The First Woman To Climb Denali, Barbara Washburn, Rightfully Became A Mountaineering Legend
America's tallest mountain has been known as Mount McKinley for almost 100 years. But on Monday, President Obama officially restored its native Alaskan name, Denali. Alaska made the name change in 1975, and has been asking the federal government to do the same ever since. Now, the state has finally got its wish. The summit of Denali (whose name means "the high one") is 20,237 feet above sea level. Climbing it is no easy feat — the National Park Service says that it's a "very serious undertaking." The average trip to and from the summit today takes between 17 and 21 days. In 1947, Barbara Washburn became the first woman to summit Denali, becoming an American mountaineering legend.
Washburn went on her first mountaineering expedition a month after marrying her husband, Bradford Washburn, in the early 1940s. She was the only female member of the eight-person team that climbed the 10,182-foot tall Mount Bertha in Alaska, and spent a month moving supplies and camps closer and closer to Bertha's summit. After her first climb, she went to the doctor because she was having a painful recovery, only to find out that she was actually pregnant.
Washburn was an anomaly in the 1940s, chasing adventure with men and wearing men's clothes (since climbing gear for women didn't even exist). She continued climbing taller and riskier mountains with her husband, even after the couple had three children.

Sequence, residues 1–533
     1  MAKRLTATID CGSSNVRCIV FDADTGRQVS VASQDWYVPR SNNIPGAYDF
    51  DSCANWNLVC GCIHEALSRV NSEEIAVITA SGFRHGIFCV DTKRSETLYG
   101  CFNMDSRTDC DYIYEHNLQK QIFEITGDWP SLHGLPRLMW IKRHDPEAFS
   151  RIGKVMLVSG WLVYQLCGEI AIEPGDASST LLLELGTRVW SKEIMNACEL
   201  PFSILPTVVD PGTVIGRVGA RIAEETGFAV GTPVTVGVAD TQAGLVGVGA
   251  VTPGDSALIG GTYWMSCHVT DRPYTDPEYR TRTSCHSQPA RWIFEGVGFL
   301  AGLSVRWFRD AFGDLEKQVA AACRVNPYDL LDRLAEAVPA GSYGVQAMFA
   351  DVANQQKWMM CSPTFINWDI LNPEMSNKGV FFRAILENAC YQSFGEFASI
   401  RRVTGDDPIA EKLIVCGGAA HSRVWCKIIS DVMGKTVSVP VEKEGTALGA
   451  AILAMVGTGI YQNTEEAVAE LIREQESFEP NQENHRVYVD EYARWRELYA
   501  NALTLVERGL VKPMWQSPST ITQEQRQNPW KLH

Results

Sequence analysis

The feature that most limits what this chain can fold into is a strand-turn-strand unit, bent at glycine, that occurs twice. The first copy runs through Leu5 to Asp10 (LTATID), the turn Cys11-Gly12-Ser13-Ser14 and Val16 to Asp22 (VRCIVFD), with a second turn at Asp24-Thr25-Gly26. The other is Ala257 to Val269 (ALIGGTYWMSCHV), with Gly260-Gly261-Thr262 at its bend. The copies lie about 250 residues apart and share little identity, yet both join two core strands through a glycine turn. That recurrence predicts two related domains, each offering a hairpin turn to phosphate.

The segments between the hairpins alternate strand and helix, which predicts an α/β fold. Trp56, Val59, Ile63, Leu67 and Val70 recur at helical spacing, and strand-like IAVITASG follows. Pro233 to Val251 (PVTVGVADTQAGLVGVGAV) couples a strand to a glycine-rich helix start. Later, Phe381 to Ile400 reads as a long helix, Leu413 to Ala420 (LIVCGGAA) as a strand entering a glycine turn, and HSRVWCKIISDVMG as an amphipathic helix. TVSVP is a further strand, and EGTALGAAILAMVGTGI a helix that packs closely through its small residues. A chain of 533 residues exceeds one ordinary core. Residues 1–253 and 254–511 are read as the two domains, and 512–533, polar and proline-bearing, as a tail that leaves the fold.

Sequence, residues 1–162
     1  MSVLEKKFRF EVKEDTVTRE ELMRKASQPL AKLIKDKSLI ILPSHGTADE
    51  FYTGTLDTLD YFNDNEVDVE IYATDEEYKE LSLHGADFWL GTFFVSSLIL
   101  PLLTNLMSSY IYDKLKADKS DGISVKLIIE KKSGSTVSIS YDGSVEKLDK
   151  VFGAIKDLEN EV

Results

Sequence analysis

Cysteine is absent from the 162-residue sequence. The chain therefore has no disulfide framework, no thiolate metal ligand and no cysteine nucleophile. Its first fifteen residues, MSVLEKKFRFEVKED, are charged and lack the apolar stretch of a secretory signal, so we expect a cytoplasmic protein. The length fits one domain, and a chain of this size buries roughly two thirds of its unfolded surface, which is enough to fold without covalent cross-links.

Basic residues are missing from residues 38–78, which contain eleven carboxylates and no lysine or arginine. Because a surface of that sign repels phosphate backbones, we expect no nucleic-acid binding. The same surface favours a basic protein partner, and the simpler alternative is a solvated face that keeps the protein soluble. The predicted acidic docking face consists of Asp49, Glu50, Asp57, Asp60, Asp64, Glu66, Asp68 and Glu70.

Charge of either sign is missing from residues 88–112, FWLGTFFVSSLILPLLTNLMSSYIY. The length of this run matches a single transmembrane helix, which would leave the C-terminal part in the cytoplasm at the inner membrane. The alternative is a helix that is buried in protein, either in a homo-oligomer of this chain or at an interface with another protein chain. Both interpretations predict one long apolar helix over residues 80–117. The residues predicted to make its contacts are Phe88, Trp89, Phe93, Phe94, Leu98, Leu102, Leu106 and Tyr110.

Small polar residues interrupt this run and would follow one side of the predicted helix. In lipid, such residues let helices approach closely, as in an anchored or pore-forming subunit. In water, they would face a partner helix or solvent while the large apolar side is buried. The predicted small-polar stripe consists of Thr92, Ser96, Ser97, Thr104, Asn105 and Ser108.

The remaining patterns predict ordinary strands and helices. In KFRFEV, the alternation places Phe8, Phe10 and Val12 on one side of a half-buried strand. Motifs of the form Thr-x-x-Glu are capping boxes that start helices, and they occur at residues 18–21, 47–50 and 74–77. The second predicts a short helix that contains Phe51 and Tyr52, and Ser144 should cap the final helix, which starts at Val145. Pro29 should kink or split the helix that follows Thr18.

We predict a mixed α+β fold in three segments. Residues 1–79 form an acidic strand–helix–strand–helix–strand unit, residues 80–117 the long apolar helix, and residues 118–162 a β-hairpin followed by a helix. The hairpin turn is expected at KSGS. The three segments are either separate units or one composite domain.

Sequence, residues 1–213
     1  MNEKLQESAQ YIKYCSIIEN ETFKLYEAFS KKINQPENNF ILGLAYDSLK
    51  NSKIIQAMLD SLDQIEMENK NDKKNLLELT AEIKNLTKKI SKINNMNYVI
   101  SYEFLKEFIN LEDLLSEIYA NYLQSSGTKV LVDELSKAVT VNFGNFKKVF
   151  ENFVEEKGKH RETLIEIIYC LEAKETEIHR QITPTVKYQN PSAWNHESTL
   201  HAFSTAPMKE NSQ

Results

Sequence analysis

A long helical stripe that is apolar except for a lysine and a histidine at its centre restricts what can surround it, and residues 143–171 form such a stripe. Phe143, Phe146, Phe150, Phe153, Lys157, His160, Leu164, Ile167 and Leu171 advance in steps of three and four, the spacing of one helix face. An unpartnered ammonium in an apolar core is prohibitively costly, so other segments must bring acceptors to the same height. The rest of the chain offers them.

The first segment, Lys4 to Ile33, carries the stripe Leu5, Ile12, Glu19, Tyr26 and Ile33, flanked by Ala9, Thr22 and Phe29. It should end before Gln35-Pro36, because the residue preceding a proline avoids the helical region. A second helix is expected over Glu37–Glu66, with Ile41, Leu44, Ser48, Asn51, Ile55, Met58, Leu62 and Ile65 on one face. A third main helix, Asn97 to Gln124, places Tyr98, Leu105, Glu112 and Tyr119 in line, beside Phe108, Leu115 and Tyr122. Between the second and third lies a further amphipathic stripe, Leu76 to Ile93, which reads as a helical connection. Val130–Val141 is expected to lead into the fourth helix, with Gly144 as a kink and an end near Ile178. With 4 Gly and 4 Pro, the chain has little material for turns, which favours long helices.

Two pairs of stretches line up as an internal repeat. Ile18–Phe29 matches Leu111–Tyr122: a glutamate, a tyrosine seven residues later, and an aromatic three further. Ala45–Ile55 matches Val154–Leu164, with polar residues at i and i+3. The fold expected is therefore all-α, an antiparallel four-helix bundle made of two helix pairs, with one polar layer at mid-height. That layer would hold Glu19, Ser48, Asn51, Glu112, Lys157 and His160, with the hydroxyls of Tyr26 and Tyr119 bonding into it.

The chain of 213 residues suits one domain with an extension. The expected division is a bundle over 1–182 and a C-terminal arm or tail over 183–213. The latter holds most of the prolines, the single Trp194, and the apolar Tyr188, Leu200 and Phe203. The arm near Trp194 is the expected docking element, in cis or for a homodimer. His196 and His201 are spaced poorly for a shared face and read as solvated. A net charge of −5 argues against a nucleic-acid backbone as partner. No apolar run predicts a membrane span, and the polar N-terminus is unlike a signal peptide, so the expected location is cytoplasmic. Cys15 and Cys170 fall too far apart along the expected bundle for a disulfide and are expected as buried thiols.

The Washburns climbed Denali — known as Mount McKinley then — with a small group to film a documentary on mountain climbing for RKO Radio Pictures. Well-known mountaineers in the early 20th century were all men, and RKO was intrigued by the prospect of showcasing a female climber. She didn't want to participate at first, as she was worried about leaving her kids at home for three months, but she eventually conceded when RKO offered to pay for a nurse to watch them.
The 70-day climb was extremely challenging. According to The Boston Globe, Washburn got intense headaches from altitude sickness during the climb, had a fire erupt in her tent, and was trapped in a blizzard for nine days. In her 2001 memoir, The Accidental Adventurer, Washburn wrote: "In an attempt to bolster my morale, I spent time picturing the children playing in their swimsuits in our yard back home."
Washburn didn't climb Denali for the recognition, but because she enjoyed doing it with her husband. She wrote in her memoir:
Reporters expected me to come up with some deep psychological reason why I needed to be the first woman on the summit of Mount McKinley — why I felt I needed to excel like this. They were always disappointed when I said I simply wanted to be with my husband. I explained that when I was first asked to join the expedition, I didn’t want to go because I had three small children.
Today I’m smart enough to know I was doing something special. But at the time, my Aunt Cora said to me, "Barbara, you’re never going to get swell-headed." I guess I was just brought up in a family where you didn’t brag. I had no notion of being a role model for anyone, but I guess that’s the way it turned out.
The Washburns went on numerous mapping expeditions, creating topographical maps of natural landmarks like the Grand Canyon and Mount Everest. She was also a teacher, working as a reading specialist in Cambridge during the winters and pushing for special programs for students with learning disabilities. Washburn died in 2014, at the age of 99.
Image: Christoph Straessler/Flickr (1)